he should always remain at the disposal of God and us. Henry
then began to be angry, and at first intreated us to hinder
Rodulph from seizing his kingdom. I said I would see to whom
the right belonged, and give sentence which should be preferred.
Henry forbad this. Therefore I bind Henry and all his favourers
with the bond of an anathema, and again take from him all regal
power. I absolve all Christians from their oath of allegiance,
forbid them to obey Henry in anything, and command them to
receive Rodulph as their king. Confirm this, therefore, by your
authority, ye most holy princes of the apostles, that all may now
at length know, as ye have power to bind and loose in heaven,
so we have power to give and take away on earth, empires,
kingdoms, principalities, and whatsoever men can have."
When Henry submitted, then Gregory began to reign without
control. In the same year, 1077, on September 1, he fixed a
new era of time, called the Indiction, used at Rome to this day.
Thus did the Pope claim to himself the whole authority over all
Christian princes. Thus did he take away or confer kingdoms and
empires, as a king of kings. Neither did his successors fail to
tread in his steps. It is well known, the following Popes have
not been wanting to exercise the same power, both over kings and
emperors. And this the later Popes have been so far from
disclaiming, that three of them have sainted this very Gregory,
namely, Clement VIII., Paul V., and Benedict XIII. Here is then
the beast, that is, the king: in fact such, though not in name:
according to that remarkable observation of Cardinal Bellarmine,
"Antichrist will govern the Roman empire, yet without the name of
Roman emperor." His spiritual title prevented his taking the
name, while he exerciseth all the power. Now Gregory was at
the head of this novelty. So Aventine himself, "Gregory VII was
the first founder of the pontifical empire."
Thus the time of the ascent of the beast is clear. The apostasy
and mystery of iniquity gradually increased till he arose, "who
opposeth and exalteth himself above all." (2Th 2:4).
Before the seventh trumpet the adversary wrought more secretly;
but soon after the beginning of this, the beast openly opposes
his kingdom to the kingdom of Christ.
The empire of Hildebrand properly began in the year 1077.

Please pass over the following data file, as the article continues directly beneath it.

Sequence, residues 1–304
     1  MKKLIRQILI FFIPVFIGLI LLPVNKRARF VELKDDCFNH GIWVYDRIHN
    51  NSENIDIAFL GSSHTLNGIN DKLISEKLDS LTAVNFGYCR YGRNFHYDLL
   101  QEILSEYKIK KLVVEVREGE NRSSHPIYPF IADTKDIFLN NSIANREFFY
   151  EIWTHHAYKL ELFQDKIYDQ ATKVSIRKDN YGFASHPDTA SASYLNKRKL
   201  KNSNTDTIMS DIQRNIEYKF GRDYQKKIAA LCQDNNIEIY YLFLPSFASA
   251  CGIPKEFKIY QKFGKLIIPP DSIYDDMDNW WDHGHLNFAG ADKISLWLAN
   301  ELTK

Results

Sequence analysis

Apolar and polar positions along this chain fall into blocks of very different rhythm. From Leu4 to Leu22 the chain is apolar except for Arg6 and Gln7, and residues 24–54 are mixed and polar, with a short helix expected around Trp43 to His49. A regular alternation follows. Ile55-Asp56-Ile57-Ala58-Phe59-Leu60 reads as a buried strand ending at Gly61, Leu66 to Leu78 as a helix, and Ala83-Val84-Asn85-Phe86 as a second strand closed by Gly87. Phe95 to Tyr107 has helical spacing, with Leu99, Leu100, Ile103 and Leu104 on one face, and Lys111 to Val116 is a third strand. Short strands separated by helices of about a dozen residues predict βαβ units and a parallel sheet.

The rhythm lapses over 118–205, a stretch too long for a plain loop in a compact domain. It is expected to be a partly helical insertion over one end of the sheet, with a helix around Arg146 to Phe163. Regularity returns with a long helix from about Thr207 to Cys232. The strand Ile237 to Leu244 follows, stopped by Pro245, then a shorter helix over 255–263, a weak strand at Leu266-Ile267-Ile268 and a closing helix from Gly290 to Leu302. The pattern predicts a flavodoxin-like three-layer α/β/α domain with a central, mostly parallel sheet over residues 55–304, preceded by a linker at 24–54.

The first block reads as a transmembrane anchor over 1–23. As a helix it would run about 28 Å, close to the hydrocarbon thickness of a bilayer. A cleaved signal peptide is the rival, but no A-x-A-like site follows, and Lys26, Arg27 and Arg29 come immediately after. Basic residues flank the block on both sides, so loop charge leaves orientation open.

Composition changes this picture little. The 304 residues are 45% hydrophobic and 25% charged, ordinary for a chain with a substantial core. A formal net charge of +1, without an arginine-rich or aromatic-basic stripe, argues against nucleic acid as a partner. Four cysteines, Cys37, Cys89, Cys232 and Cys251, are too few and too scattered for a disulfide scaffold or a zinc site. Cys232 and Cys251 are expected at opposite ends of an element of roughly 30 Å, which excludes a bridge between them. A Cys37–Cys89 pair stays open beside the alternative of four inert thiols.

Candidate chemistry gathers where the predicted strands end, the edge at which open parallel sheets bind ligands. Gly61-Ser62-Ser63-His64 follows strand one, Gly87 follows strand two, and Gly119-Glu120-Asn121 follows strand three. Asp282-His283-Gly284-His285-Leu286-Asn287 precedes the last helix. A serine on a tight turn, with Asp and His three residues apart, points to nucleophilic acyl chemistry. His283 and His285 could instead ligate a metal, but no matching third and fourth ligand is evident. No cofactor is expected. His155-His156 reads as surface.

Then it was, that upon the emperor's leaving Italy, Gregory
exercised his power to the full. And on the first of September,
in this year, he began his famous epocha.
This may be farther established and explained by the following
The beast is the Romish Papacy, which has now reigned
for some ages.
The beast has seven heads and ten horns.
The seven heads are seven hills, and also seven kings.
One of the heads could not have been, "as it were, mortally
wounded," had it been only a hill.
The ascent of the beast out of the sea is different from
his ascent out of the abyss; the Revelation often mentions both
the sea and the abyss but never uses the terms promiscuously.
The heads of the beast do not begin before his rise out of
the sea, but with it.
These heads, as kings, succeed each other.
The time which they take up in this succession is divided
into three parts. "Five" of the kings signified thereby
"are fallen: one is, the other is not yet come."
"One is:" namely, while the angel was speaking this.
He places himself and St. John in the middlemost time, that he
might the more commodiously point out the first time as past,
the second as present, the third as future.
The continuance of the beast is divided in the same manner.
The beast "was, is not, will ascend out of the abyss,"(Re 17:8,11). Between these two verses, that is interposed
as parallel with them, "Five are fallen, one is, the other is
not yet come."
Babylon is Rome. All things which the Revelation says of
Babylon, agree to Rome, and Rome only. It commenced "Babylon,"
when it commenced "the great." When Babylon sunk in the east,
it arose in the west; and it existed in the time of the
apostles, whose judgment is said to be "avenged on her."
The beast reigns both before and after the reign of Babylon.
First, the beast reigns, (Re 13:1), &c.; then Babylon,(Re 17:1), &c.; and then the beast again, Rev 17:8, &c.
The heads are of the substance of the beast; the horns are
not. The wound of one of the heads is called "the wound of the
beast" itself, verse 3; (Re 13:3) but the horns, or kings,